I used to be what Dr. Phil calls, “a right fighter” – I always had to be right about everything. I spent hours reading volumes of World Book encyclopedias to prove my points. I would get lost inside them and soak up as much knowledge as my head would hold.
But despite my insatiable desire to learn, I lacked – what do you call it? – oh yeah, common sense.
My sisters and I would ask Dad for a penny so we could get a gum ball. The request for 3 cents sent him over the edge. Our “budget” did not include such frivolous expenses as gum balls.
“You think money grows on trees?” My father would bellow.
Absolutely, I do! And to prove it, I planted change in various places in the back yard, mostly to PROVE HIM WRONG, but also to prove myself right. I patiently waited for the day my trees would grow, so I could say, “SEE, DAD! MONEY REALLY DOES GROW ON TREES!”
Every day I ran to the window, searching the back yard for the tiny sticks I stuck in the ground to mark my trees and expecting a Jack-in-the-Beanstalk experience. I couldn’t wait to see my trees reach through the clouds and run all the way to Heaven. I was going to have penny trees, nickel trees, dime trees, and quarter trees, because I had planted change all over the back yard.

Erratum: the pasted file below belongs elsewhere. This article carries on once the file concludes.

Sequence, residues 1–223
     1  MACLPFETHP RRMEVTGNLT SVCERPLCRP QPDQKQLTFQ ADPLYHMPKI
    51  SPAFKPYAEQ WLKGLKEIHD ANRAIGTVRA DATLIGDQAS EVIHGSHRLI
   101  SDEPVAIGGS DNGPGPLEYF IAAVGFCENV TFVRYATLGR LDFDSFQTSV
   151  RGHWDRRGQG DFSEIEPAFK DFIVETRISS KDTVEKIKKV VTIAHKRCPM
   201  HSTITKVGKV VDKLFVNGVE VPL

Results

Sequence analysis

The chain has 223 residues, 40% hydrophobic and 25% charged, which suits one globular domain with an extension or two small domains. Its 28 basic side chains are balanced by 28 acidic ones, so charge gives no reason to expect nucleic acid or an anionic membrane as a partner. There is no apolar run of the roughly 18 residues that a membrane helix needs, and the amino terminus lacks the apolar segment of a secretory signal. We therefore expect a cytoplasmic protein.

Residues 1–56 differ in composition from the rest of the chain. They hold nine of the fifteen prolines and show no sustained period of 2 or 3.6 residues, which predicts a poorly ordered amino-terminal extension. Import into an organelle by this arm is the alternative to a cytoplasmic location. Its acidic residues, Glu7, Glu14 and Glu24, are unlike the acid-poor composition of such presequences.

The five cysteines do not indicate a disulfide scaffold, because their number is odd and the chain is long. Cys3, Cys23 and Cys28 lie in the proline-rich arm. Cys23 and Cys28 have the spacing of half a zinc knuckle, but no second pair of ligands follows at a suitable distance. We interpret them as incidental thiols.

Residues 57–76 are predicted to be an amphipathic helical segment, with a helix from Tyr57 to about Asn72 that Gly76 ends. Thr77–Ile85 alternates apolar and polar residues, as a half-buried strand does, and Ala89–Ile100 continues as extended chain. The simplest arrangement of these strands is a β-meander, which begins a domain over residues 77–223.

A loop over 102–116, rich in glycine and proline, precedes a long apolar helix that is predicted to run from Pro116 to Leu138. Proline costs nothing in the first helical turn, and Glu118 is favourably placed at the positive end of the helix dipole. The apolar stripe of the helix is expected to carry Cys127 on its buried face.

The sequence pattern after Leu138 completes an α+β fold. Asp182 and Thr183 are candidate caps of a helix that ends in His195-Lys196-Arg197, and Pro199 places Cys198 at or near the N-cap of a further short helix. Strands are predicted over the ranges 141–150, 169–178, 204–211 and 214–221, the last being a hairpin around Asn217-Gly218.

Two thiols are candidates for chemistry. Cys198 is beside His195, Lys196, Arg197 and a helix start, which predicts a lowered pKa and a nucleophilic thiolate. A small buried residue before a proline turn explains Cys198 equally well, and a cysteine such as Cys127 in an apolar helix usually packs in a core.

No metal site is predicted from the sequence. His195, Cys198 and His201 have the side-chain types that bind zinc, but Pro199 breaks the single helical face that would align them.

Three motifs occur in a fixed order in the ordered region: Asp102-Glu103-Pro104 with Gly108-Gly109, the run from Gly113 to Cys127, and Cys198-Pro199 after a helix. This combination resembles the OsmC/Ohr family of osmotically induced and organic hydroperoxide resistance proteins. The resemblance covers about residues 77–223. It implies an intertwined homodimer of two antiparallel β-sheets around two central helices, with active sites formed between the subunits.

And then my dad mowed the lawn and obliterated all of my tiny sticks so I couldn’t find my future money trees. How could I water them now? They were merely money graves without headstones. I was devastated, and along with my tiny sticks, my “magical thinking” was mowed down as well.
I think about that back yard sometimes, about going to the front door holding a shovel in my hand and asking the people who now live there if they would allow me to dig up their back yard. I could really use the money.